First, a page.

Hemingway illustrates one of his elements of writing, omission, by providing two waiters and their exchange of speech and actions with each other and their customer, the old man. By doing so, he provides all of the information for readers to create an assumption about the individual’s traits; the saintly and even wicked. In the story we are given a scene with the old drunken man and the younger waiter. The old man asks for another brandy while pointing to his empty glass. The younger of the two waiters brashly began his dialogue with “Finished,” he said, speaking with that omission of syntax stupid people employ when talking to drunken people or foreigners. “No more tonight. Close now.” “Another,” said the old man. “No. Finished.” The waiter wiped the edge of the table with a towel and shook his head. The old man stands to leave, counts his tab, pays for his brandy, even leaves a tip for the waiters, and then begins to walk away with dignity even for his drunken stupor. (153-154) In this passage the reader is provided with several concepts that help to create the depictions of the old man and the younger waiter. Foremost, the reader is struck with the incivility of the old man; but, before he leaves the café one is forced to become a sympathizer for the fact that ...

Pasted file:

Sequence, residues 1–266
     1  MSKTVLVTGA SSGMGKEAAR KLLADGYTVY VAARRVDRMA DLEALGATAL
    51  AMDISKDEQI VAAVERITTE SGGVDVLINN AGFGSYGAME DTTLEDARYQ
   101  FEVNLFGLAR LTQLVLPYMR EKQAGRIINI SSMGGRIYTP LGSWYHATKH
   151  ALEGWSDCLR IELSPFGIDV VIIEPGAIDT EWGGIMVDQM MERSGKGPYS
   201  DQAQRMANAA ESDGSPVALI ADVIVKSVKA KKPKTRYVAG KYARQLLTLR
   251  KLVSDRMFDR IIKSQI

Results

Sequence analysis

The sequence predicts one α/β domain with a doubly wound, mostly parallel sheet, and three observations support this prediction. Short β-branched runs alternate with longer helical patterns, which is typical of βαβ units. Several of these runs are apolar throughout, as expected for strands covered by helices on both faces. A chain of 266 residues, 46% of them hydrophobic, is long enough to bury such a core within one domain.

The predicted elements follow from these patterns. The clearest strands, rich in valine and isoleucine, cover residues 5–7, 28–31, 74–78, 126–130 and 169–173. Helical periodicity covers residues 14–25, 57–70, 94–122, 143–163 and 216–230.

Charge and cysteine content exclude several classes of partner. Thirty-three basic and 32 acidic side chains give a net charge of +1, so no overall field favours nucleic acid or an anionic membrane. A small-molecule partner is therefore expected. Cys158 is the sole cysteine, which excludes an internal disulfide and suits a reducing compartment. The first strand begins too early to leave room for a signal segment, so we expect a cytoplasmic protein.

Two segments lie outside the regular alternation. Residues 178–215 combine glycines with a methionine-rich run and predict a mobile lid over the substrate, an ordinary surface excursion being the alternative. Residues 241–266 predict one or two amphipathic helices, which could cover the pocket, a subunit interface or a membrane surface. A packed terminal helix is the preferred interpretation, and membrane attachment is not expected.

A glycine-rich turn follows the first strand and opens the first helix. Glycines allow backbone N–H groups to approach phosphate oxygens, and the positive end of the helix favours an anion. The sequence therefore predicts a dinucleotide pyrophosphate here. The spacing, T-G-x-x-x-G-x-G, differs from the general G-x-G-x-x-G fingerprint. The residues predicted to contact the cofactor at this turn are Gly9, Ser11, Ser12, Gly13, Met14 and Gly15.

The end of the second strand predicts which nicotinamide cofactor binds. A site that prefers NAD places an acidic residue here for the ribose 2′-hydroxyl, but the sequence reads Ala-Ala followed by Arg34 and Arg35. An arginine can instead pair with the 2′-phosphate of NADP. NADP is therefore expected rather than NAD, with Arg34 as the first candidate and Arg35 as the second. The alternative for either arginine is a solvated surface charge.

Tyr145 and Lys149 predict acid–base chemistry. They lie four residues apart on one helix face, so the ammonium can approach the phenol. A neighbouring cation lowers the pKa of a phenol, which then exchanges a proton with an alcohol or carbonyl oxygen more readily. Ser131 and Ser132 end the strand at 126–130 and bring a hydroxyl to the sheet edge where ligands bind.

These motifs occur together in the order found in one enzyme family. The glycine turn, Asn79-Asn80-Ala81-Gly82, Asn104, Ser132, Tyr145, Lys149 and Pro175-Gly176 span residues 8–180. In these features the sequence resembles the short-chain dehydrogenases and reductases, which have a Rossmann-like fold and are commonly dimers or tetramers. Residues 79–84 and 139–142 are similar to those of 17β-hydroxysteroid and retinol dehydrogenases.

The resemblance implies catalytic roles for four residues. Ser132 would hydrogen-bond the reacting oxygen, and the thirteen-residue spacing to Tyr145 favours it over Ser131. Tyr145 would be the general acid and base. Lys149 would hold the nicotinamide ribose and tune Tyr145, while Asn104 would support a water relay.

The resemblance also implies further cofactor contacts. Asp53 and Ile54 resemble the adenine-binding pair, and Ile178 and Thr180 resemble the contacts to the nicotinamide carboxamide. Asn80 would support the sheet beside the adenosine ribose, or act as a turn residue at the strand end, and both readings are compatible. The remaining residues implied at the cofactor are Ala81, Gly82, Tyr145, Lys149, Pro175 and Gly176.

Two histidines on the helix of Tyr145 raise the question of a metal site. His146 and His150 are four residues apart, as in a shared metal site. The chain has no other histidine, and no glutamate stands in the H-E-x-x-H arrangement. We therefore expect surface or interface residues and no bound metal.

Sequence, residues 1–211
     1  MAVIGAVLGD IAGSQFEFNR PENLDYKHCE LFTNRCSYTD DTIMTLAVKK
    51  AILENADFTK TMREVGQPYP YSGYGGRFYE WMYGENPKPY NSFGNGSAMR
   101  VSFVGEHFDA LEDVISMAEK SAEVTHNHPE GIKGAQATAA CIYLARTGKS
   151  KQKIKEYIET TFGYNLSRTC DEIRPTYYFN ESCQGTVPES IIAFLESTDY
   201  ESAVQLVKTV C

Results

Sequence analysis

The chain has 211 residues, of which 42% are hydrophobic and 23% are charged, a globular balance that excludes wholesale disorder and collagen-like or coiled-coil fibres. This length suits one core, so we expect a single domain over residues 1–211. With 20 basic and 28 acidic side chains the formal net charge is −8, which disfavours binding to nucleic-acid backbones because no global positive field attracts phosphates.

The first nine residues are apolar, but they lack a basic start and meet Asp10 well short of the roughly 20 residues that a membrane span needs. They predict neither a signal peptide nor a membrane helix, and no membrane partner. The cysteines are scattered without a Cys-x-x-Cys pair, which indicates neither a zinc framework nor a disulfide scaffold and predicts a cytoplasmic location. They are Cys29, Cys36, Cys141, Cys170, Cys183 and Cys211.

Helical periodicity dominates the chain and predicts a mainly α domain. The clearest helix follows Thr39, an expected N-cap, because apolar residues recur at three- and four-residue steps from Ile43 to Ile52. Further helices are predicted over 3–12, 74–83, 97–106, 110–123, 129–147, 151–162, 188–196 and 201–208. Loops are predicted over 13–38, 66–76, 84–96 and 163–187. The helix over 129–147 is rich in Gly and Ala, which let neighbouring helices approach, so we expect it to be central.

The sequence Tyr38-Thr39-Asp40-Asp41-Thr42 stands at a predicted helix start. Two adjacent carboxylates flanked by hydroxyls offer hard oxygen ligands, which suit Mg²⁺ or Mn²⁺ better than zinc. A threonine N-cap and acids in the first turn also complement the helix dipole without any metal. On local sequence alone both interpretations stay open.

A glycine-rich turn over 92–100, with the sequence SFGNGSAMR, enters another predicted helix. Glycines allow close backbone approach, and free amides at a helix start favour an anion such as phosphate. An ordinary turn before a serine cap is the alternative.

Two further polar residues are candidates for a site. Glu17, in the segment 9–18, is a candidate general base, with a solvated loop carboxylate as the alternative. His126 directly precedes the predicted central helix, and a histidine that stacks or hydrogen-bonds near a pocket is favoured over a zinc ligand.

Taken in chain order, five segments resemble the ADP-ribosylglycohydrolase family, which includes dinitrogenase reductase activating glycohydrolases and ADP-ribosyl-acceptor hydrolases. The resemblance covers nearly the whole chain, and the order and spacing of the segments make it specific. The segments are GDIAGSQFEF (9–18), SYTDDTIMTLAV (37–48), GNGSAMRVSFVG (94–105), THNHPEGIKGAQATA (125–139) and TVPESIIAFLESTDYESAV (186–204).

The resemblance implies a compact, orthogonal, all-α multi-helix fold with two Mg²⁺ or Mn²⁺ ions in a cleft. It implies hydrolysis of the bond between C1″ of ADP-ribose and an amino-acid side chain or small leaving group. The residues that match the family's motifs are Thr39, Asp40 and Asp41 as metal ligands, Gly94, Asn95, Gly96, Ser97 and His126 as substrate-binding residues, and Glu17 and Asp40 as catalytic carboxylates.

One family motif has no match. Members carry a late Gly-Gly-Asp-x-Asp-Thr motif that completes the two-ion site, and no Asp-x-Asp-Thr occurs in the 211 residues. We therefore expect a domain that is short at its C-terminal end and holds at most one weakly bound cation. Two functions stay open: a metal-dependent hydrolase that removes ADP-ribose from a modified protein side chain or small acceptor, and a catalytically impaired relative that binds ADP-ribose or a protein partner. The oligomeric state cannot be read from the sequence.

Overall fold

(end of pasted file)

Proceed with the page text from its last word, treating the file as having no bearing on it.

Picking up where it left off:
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...ith him, probably would drink all night with him too. This is very typical of Hemingway in the fact that he cannot help but to create a story where the reader must not only have background knowledge; but also, be completely immersed into the story and become an omnipotent reader.
With all of Hemingway’s elements of writing these are the most becoming of his typical writing style. They create a very broad sense for the reader and make it very imperative for one to become a central part of the story. Though he is a very exemplary writer Hemingway employs very artistic and almost novel forms of writing to his works of literature.
Hemingway, Ernest. “A Clean, Well-Lighted Place”. Literature: An Introduction to Fiction, Poetry, Drama, and Writing. Eds. X.J. Kennedy and Dana Gioia. 11th ed. New York: Longman. 2010 152-155. Print.
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